All in all, therefore, we on this side of the House are happy to give the Bill, which was in a sense conceived by us, the fullest possible support. Sometimes when I visited atomic energy establishments as Parliamentary Secretary for Science, I got the impression that the kind of dangers and risks which are contemplated under the 1959 Act and in this Bill were no longer so serious as perhaps they were considered to be in the earlier days of atomic power. It is true that great progress has been made in safety precautions, and that was implied to some extent in the noble Lord's remarks. None the less, from time to time incidents, perhaps relatively minor in so far as life and limb are concerned, but often costly, have taken place, and this Bill is therefore a most useful and indeed essential measure. I certainly think it right that we should give an example to other countries by ratifying the three Conventions without too much delay.
§ 4.3 p.m.
§ LORD STONHAM
My Lords, I am most grateful to the noble Earl, first of all for a most lucid speech in which he displayed the extent to which he has studied this subject. I am also grateful for his very warm welcome to the Bill, which he quite rightly said was sub- 1286 stantially his Party's Bill. That being so, one might wonder why it took 168 columns of Hansard, and a very great deal of time in another place, to discuss it. I think the answer to that is that it is substantially the Bill of the previous Government with major improvements added to it by the present Government. Therefore, it is a co-operative effort on which we can both congratulate ourselves.
§ LORD STONHAM
Again, there is a question of definition, which does not arise in this Bill which is quite complicated enough.
The noble Earl was somewhat worried by the fact that only one Minister, my right honourable friend the Minister of Power, was responsible for this Bill. I am therefore puzzled as to why in 1959 he did not get up and protest then that only one Minister, his right honourable friend the Minister of Power, was responsible for the 1959 Act.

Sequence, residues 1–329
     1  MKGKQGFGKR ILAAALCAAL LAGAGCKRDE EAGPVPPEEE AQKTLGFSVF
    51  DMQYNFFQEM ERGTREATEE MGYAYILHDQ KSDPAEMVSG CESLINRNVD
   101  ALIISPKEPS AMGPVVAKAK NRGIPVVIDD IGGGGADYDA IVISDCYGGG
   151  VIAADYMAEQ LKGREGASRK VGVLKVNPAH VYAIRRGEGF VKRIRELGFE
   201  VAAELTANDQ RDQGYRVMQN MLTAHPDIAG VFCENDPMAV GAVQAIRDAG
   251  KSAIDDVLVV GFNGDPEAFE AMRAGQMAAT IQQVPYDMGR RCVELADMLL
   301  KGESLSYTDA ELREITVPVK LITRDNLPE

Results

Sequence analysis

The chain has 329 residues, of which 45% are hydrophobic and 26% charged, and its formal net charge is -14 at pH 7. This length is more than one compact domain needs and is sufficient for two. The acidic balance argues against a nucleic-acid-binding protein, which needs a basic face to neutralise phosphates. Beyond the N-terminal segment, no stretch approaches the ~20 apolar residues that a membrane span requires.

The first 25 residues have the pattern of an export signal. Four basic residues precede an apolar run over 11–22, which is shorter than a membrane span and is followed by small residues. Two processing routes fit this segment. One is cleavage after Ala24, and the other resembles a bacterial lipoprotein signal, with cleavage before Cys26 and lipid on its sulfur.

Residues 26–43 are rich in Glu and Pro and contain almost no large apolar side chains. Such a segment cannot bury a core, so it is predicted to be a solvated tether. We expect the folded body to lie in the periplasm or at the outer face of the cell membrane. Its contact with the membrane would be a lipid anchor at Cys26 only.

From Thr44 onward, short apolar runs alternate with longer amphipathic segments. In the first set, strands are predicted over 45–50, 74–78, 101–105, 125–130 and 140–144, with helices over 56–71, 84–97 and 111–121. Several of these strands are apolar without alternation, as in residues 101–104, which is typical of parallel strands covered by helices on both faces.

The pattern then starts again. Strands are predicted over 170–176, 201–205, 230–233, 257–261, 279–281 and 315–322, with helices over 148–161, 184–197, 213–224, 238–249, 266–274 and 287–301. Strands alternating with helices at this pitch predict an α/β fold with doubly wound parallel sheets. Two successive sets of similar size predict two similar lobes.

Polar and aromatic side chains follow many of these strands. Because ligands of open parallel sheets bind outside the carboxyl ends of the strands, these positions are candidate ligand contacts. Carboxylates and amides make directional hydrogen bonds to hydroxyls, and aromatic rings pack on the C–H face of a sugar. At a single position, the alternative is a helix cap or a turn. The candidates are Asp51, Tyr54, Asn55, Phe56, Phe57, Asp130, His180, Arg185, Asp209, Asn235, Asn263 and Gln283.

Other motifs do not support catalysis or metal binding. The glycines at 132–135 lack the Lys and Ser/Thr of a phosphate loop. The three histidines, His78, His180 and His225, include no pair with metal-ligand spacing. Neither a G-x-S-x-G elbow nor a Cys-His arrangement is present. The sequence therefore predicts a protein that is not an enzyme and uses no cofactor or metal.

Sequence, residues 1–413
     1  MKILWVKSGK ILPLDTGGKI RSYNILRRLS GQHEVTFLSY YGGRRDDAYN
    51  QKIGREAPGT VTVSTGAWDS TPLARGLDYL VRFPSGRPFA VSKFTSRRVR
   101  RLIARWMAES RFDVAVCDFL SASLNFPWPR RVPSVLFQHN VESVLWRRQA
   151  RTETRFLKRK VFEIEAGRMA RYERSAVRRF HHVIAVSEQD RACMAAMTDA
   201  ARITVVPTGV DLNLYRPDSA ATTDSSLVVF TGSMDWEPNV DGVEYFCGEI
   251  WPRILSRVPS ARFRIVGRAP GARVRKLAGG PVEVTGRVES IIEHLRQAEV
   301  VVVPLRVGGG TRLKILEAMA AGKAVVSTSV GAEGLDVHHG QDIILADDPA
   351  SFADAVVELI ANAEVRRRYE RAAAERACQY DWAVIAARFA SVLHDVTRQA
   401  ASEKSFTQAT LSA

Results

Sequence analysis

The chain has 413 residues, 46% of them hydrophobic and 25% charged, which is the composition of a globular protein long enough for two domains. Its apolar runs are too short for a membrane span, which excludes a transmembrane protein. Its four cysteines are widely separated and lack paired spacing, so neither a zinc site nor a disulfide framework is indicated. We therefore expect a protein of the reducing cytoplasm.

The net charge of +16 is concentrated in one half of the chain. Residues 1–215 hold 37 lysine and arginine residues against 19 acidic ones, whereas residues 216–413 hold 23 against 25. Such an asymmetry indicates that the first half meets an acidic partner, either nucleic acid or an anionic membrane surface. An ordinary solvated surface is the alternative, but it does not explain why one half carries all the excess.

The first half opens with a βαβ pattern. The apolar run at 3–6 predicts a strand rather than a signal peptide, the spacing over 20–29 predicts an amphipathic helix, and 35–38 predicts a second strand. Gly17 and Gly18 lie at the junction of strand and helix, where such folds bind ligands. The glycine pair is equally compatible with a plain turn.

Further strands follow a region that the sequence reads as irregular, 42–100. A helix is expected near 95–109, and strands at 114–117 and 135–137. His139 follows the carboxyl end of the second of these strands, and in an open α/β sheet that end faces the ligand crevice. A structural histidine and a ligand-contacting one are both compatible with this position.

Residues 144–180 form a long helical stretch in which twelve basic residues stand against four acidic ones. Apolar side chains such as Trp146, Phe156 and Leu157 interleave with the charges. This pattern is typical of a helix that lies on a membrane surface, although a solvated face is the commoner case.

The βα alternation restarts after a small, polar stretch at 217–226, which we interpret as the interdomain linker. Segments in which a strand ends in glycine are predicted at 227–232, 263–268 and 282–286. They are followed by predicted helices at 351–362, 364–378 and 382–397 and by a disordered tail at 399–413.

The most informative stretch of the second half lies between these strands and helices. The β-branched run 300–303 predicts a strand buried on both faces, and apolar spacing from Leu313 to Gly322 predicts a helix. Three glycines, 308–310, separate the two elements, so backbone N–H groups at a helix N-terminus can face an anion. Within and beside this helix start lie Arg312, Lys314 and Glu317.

THE EARL OF BESSBOROUGH
My Lords, if noble Lords will excuse my interrupting, there was not a Minister of Technology then. I am speaking only of him.
§ LORD STONHAM
That is another example of a successful and valuable amendment which this Government have made to the procedure of the previous Government. The noble Earl was worried, however, by the fact that this Bill was introduced by my right honourable friend the Minister of Power. Therefore we have followed in that respect the precedent set by the previous Government, quite rightly, and have placed responsibility with the Minister who is mainly responsible. Indeed, the electricity generating boards are the most important licensees under this Act, and they come under the Minister of Power.
The noble Earl was a little troubled, as I understood him, that the Minister of Technology who is responsible for the Atomic Energy Authority, and therefore has an important interest in this Bill, did not take part in the proceedings in the Commons. But, of course, that would have been a task even beyond the very great powers of my right honourable friend Mr. Frank Cousins, because at that time he was not even a 1287 Member of another place. Therefore, it would seem to me that these objections which the noble Earl has raised are of no more moment than the majority of objections and points which we listen to, with the greatest respect, from the other side.